Said Charles Krauthammer, as reported at National Review, talking about the newly released documents showing that a senior State Department Official offered what somebody else called "quid pro quo" to get the FBI to mark a document unclassified.
Is "the 'camera and sausage' factor" an expression we are supposed to recognize? No. A search for the precise term got to the emblematic nothingness of "Real Haunting Caught On Camera: The Haunted Sausage":
I have to assume that Krauthammer meant to gesture at the quote: "Laws, like sausages, cease to inspire respect in proportion as we know how they are made." That's the original remark from 1869, and it's less of a famous quote than a famous simile, not always specific to law: Something is like watching sausage getting made. I guess Krauthammer didn't picture himself in the sausage factory, witnessing the gruesome goings-on, but watching video of the process. So a camera is in the sausage factory.
And now, I'm actually watching the video of Krauthammer speaking, which appears at the first link in this post along with the transcription, and I am cursing from down here in this rat hole. Krauthammer did not say "the 'camera and sausage' factor." National Review mistranscribed what was in fact "the camera in the sausage factory." Ah, well, my supposition was correct, and it would have been perfectly easy to understand if it had been correctly transcribed in the first place.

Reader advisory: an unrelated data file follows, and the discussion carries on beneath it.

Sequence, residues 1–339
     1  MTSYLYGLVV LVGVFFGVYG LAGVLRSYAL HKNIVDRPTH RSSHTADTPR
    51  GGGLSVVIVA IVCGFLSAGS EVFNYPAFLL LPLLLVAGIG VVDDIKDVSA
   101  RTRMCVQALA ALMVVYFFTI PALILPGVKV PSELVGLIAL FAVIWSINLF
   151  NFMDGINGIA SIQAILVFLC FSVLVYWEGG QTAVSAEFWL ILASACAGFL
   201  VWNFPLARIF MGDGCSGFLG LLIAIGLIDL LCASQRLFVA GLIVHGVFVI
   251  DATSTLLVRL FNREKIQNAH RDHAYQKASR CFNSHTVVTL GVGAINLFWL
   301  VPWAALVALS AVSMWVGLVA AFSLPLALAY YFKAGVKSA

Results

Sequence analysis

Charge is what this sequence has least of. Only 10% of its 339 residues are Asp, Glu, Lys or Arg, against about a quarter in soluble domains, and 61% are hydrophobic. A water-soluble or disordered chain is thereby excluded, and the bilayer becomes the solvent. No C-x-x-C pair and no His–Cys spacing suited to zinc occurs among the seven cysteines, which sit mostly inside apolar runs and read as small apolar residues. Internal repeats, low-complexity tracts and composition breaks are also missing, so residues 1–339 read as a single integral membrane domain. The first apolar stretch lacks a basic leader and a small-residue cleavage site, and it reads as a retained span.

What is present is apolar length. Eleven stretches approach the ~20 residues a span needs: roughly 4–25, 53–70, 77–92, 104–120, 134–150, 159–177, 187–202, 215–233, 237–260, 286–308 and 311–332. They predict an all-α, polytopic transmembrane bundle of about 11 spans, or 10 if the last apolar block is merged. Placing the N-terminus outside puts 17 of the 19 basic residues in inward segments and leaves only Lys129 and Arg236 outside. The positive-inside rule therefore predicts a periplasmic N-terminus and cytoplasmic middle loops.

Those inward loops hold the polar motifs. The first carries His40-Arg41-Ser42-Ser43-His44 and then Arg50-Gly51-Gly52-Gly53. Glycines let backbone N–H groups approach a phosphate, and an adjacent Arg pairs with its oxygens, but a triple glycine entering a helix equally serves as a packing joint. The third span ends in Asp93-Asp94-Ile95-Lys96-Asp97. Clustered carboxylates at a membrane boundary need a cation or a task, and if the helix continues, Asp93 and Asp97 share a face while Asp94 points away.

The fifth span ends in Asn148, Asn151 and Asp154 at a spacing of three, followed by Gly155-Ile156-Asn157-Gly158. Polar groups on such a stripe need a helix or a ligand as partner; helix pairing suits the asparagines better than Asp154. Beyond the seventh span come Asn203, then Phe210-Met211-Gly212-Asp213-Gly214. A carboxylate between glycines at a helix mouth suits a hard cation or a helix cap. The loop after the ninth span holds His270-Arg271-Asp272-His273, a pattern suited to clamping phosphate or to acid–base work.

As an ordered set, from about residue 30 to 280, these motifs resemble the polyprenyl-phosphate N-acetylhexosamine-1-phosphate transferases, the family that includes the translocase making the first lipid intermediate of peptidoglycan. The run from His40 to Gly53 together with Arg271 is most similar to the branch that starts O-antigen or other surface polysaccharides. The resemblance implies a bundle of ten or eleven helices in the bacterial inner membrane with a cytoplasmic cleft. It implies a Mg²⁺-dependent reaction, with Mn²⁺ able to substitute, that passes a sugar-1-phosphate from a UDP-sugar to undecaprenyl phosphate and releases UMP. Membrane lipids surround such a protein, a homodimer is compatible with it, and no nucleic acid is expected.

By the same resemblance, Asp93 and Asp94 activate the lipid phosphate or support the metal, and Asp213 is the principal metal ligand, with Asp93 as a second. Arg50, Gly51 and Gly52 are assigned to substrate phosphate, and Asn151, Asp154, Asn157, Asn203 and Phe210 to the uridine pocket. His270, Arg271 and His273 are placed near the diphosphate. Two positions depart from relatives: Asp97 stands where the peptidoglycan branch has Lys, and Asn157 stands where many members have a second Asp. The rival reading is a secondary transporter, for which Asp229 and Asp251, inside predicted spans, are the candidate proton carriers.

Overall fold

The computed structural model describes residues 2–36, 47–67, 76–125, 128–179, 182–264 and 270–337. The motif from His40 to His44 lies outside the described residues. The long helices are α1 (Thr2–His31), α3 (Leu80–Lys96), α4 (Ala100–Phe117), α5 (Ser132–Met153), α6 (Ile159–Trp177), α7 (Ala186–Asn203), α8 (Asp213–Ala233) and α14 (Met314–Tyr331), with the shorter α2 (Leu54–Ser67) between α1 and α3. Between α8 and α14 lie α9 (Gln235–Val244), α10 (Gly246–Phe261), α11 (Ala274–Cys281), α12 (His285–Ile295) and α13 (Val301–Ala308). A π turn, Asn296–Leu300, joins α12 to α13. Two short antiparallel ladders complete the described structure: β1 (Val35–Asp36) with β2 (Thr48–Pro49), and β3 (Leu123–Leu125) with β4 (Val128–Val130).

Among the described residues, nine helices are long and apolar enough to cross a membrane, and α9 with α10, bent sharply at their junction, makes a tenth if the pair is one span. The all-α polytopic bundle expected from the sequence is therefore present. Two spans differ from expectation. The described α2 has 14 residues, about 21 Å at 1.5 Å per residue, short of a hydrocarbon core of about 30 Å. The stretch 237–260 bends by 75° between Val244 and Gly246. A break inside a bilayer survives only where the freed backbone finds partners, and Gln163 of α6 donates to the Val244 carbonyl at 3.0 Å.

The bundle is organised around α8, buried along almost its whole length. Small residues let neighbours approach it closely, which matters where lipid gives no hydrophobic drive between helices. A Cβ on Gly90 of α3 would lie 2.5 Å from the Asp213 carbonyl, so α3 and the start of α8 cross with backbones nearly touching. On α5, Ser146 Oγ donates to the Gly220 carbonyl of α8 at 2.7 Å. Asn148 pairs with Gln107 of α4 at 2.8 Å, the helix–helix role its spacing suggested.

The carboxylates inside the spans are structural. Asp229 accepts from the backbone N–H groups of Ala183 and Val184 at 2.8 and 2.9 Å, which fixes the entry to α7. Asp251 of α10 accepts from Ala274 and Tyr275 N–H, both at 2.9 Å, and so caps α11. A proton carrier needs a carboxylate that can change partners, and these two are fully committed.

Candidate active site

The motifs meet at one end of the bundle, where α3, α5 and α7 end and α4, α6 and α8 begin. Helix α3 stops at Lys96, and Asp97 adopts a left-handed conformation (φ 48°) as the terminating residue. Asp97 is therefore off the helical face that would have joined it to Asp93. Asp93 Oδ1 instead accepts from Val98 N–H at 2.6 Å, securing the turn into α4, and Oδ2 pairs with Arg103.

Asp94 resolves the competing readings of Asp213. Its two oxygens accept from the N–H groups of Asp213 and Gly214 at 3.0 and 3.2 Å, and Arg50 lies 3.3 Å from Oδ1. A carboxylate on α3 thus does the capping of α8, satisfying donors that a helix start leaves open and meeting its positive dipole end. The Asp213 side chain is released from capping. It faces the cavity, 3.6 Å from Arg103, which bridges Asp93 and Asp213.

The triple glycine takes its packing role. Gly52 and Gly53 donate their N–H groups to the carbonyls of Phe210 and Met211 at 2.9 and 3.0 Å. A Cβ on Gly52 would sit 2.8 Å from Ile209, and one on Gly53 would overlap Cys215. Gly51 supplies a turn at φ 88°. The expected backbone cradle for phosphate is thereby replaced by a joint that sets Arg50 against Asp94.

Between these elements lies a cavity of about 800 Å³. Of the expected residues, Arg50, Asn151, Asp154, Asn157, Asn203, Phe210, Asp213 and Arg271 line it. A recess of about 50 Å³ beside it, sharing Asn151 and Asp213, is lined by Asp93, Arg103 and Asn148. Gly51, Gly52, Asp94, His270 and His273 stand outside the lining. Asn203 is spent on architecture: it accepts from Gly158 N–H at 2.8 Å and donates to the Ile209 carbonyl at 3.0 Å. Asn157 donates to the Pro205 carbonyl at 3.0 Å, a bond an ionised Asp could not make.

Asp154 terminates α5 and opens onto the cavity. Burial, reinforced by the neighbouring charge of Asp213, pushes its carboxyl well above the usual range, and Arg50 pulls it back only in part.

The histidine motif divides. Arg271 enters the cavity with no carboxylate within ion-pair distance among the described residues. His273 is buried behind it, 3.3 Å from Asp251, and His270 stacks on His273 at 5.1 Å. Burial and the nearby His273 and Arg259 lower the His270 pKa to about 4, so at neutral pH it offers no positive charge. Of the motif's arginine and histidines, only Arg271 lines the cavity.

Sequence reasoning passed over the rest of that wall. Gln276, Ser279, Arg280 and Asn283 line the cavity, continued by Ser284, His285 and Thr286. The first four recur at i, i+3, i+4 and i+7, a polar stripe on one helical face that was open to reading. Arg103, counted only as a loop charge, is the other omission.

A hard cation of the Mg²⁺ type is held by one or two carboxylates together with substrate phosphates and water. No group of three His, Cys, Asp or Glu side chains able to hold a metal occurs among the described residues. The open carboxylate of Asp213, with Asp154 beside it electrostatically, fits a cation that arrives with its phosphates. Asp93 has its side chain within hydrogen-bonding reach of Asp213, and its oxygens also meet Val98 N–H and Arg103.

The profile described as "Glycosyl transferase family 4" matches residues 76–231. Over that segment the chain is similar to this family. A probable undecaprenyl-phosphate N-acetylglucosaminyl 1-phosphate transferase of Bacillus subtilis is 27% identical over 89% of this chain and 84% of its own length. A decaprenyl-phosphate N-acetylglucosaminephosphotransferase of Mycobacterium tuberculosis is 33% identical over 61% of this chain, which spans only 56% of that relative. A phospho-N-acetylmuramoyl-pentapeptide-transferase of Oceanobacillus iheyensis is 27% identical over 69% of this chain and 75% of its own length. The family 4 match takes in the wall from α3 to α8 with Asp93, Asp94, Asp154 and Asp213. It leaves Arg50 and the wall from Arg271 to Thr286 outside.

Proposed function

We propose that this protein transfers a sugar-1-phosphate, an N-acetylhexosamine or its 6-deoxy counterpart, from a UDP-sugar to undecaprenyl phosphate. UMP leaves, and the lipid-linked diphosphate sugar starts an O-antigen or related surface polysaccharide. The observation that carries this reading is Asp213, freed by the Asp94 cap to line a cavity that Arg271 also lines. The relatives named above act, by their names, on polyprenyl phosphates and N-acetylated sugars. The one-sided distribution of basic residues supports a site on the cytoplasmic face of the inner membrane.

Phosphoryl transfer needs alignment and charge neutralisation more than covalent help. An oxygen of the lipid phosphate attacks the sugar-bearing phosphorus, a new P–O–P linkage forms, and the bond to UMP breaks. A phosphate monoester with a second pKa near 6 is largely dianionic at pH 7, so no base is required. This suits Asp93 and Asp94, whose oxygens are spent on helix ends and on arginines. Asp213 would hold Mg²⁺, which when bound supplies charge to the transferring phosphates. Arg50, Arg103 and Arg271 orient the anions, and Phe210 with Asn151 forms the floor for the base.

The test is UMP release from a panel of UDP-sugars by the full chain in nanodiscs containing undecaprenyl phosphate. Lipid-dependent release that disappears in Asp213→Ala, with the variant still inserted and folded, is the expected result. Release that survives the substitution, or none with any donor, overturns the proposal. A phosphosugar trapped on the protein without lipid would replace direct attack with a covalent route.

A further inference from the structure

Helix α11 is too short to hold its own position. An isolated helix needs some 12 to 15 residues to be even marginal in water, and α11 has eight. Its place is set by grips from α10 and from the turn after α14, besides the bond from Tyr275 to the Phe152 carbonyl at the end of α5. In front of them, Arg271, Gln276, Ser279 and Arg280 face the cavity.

I know. I know you're going to say the important thing here is the State Department and the so-called quid pro quo. Althouse got off on one of her language kicks again. She's always ready to take the off-ramp to Languageville. Stay on the super-highway of current politics, Althouse.
But why? In the future, someone Googling something will find this in the archive because they're interested in the simile that's lived and prospered for a century and a half so far and that will exist, I suspect, for as long as humanity has meat scraps that need to be made into something delicious. No one will remember the outrage of the day that was October 17, 2016.
It would be more useful to amble down another street in Languageville and talk about what "quid pro quo" really means and whether the proposed trade of favors, referred to as "quid pro quo," is really the kind of quid pro quo that we talk about when we talk about political corruption.
ADDED: The 2014 Supreme Court case McCutcheon v. Federal Election Commission talks about the phrase "quid pro quo" quite restrictively:
That Latin phrase captures the notion of a direct exchange of an official act for money. See McCormick v. United States, 500 U. S. 257, 266 (1991) . “The hallmark of corruption is the financial quid pro quo: dollars for political favors.” Federal Election Comm’n v. National Conservative Political Action Comm., 470 U. S. 480, 497 (1985)...